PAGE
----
Dutched the Wall

Juan López

7 December 2009

Printed vinyl mural Production: LABoral

Borrowing his references from American 1930s and 1950s Custom Culture which marked a change in the design of cars through a very specific graphic style directly applied on the bodywork, Juan López has customised the wall of the lobby of LABoral.

Expanding notions explored in previous mural works, where the perception of the proposed space has been altered through adhesive materials, the windows of that wall are transformed into what could be the exhaust pipes of a motor vehicle. The graphic element chosen for that purpose is fire, an element ubiquitous in the practice of car customising.

By Juan López

In an article on cars, art and the perfect finish, published in the magazine Frieze in 1998, Edward Allington explained the strong links between hot-rods or kustom kars and the artists of the US West Coast, and very particularly, art practitioners like Robert Irwin or John McCracken, who described cars as painting in motion. Allington claims that the connection was particularly intense in the late 1950s and early 1960s, but that since then, kar kustomizers are “moving towards a wild, Baroque extravagance with giddy displays of skill and decoration that has now almost atrophied into a tradition.” In his intervention, Juan López seems to turn this process on its head and to reinstate a necessary way of looking at popular art, in this case, customization, a development that, several decades since its emergence, has recovered extraordinary strength in recent years, perhaps with lesser artistic ambition yet with similar sociological impact. Juan López’s choice of tattooing the building with a symbol similar to the way it is done with cars, reflects the ideal of speed and power while reminding us that car culture is also a support for the expression of a popular art once strongly related to art creation.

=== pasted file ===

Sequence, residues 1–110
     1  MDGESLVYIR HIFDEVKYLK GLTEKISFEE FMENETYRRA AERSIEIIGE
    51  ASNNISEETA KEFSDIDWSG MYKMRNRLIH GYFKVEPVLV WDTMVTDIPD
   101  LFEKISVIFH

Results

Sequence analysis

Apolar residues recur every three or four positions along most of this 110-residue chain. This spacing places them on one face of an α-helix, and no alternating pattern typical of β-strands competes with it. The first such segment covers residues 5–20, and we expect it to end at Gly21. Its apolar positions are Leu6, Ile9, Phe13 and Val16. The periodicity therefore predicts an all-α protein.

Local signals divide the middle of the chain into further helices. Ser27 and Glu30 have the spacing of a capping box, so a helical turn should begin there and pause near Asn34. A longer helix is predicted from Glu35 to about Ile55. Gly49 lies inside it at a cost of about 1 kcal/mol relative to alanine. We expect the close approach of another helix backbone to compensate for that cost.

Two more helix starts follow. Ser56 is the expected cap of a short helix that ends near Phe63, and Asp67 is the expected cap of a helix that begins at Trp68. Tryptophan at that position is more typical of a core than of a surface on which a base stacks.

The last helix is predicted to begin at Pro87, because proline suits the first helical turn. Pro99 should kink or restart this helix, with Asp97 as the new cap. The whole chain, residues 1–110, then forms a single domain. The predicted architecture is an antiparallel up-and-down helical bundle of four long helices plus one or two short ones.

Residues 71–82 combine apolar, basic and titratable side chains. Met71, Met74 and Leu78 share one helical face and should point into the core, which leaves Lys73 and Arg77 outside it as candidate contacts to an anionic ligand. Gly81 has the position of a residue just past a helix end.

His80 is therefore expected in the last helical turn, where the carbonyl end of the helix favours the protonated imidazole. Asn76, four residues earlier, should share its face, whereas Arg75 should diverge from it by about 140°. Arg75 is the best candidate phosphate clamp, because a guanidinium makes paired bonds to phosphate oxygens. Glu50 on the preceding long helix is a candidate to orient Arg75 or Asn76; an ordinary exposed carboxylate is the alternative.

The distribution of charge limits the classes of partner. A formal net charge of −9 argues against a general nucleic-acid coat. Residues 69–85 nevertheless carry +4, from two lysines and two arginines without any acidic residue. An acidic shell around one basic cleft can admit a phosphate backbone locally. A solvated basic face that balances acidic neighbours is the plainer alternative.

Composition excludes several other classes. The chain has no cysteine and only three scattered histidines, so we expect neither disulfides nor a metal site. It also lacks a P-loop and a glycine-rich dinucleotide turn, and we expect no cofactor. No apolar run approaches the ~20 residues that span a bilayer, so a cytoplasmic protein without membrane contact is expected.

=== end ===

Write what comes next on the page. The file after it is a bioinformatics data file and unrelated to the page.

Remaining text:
By Alberto Martín